A Calibration System for Evaluating N2O Soil Flux Chamber Performance

Tuesday, 16 December 2014
Nicholas R Nickerson1, Mari Maki2, Miriam Hurkuck3, Mika Korkiakoski2, Chance Creelman1, Antje Moffat3, Christian Brummer3, Mari Pihlatie2 and Janne Korhonen2, (1)Forerunner Research Inc., Dartmouth, Canada, (2)University of Helsinki, Physics, Helsinki, Finland, (3)Johann Heinrich von Thünen Institute, Braunschweig, Germany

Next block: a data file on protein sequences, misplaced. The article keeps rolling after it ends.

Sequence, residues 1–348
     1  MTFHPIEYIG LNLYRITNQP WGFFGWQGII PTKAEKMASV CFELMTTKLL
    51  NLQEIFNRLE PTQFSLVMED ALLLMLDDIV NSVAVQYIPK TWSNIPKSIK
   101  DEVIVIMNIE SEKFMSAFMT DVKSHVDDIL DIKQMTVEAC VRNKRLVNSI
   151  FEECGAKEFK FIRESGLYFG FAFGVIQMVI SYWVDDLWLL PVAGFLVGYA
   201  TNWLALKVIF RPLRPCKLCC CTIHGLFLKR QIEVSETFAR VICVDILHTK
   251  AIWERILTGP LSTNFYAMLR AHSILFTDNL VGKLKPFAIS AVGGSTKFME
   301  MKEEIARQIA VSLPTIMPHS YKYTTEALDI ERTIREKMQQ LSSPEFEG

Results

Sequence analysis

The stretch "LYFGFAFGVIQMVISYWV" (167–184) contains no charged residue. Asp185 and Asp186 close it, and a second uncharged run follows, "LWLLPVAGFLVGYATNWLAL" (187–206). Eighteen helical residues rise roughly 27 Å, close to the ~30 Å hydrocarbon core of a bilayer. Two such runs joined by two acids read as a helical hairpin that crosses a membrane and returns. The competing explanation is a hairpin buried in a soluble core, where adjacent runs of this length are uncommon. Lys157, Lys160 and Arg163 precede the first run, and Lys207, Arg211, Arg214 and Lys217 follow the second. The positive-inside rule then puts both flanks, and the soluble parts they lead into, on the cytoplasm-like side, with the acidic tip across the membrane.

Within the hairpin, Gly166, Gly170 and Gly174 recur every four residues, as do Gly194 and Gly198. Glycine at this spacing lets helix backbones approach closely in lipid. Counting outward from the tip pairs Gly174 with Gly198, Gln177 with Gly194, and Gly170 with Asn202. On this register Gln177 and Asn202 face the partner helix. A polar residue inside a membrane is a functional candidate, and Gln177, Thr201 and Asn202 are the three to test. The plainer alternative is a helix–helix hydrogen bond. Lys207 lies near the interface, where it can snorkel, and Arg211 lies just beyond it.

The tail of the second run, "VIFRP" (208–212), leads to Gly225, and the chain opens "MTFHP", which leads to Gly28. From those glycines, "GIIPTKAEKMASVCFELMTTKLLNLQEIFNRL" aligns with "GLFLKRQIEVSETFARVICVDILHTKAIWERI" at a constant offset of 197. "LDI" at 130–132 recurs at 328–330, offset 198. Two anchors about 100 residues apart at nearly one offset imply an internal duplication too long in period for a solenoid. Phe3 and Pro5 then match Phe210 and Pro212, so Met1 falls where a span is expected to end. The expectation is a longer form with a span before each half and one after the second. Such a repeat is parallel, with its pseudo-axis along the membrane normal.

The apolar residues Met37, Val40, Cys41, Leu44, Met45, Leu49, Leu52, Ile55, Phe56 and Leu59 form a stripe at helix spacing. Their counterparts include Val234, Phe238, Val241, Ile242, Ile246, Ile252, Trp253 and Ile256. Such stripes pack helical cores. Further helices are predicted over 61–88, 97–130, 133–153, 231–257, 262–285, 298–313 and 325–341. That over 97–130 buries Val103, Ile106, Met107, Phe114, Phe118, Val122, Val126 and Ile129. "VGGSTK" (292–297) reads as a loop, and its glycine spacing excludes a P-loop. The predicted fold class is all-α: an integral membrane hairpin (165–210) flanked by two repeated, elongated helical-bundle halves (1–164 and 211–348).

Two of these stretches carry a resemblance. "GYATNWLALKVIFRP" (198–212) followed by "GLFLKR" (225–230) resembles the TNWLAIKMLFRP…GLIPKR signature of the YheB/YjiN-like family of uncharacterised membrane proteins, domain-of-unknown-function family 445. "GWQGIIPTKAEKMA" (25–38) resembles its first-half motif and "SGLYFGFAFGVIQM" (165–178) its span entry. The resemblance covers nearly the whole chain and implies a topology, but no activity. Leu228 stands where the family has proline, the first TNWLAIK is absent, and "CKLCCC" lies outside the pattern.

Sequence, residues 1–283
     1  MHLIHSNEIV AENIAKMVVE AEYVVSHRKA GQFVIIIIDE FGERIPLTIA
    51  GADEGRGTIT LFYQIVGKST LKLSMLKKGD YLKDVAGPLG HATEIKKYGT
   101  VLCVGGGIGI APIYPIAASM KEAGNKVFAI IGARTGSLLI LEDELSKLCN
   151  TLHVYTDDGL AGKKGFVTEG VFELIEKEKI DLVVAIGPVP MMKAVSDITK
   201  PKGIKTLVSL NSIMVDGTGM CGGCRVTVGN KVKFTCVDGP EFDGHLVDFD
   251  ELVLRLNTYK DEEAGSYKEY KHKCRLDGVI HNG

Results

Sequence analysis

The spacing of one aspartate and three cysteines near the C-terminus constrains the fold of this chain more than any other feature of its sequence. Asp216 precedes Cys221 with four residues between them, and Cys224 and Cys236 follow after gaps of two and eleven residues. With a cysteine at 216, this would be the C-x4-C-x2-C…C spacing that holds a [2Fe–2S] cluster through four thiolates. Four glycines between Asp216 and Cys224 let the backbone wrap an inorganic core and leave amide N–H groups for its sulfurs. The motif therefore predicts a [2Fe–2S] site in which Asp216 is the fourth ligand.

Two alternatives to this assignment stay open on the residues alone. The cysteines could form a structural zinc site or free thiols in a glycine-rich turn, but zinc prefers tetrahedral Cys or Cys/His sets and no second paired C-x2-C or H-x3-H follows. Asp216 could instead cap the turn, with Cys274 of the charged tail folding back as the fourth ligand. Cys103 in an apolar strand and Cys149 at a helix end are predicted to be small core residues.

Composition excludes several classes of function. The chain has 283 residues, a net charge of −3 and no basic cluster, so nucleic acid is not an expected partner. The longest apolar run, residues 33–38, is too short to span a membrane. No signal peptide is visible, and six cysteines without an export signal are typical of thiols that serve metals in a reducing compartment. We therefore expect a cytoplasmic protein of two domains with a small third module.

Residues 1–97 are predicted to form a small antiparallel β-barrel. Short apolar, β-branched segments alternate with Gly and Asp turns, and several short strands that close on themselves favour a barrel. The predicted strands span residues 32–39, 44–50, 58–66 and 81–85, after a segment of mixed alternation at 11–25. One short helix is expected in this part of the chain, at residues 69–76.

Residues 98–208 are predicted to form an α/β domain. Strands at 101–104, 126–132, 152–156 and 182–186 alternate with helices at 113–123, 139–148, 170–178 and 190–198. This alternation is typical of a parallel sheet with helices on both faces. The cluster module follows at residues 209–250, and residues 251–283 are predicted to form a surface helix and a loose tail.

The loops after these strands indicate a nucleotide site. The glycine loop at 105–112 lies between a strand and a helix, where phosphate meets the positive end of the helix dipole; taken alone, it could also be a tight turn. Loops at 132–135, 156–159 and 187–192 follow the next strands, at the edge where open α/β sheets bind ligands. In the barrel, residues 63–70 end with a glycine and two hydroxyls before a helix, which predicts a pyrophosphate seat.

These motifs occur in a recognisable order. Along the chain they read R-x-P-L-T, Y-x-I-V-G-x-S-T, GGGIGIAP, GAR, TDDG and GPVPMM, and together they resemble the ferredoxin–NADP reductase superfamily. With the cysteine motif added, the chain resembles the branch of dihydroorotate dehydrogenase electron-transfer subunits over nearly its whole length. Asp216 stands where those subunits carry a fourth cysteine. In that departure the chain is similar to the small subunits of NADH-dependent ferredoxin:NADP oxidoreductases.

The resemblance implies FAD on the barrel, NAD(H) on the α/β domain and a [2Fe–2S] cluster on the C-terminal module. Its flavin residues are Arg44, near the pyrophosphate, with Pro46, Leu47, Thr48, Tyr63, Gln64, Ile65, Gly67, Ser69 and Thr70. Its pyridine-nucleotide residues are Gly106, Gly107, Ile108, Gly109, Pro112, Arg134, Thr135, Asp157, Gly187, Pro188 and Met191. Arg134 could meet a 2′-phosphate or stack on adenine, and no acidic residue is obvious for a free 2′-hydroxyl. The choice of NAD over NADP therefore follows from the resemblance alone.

Nitrous oxide (N2O) is an extremely potent greenhouse gas that is produced naturally in the soil environment during both nitrification and denitrification. Chamber based techniques – adapted from other greenhouse gas research fields – have been used for many years to study soil N2O emissions. These chambers can provide estimates of gaseous fluxes, but some techniques have been shown to produce systematic bias. These biases have been well studied for more abundant greenhouse gases such as carbon dioxide, but a detailed understanding is lacking for N2O due to the technical challenges associated with N2O determination (e.g. low signal-to-noise ratio in gas chromatography (GC) measurements). Recent advances in laser technology enable N2O measurements to be made in real time with high accuracy and precision, allowing for quantification of potential systematic biases introduced by chamber systems. Here, we present a laboratory-based system consisting of a large gas reservoir with a perforated lid and variable-depth sand column that produces stable N2O fluxes, which can be used to benchmark chamber performance. The theory and development of the system is outlined, along with three-dimensional model results that assess the system’s performance and potential limitations (e.g. proximity limitations for multiple chambers, effect of large chambers on the calibration system dynamics). Preliminary results from the InGOS multi-institution chamber benchmarking study are also presented, which will focus on chamber performance across a wide range of N2O fluxes and cross-chamber comparisons demonstrating the significance of measurement protocol and chamber design in error elimination.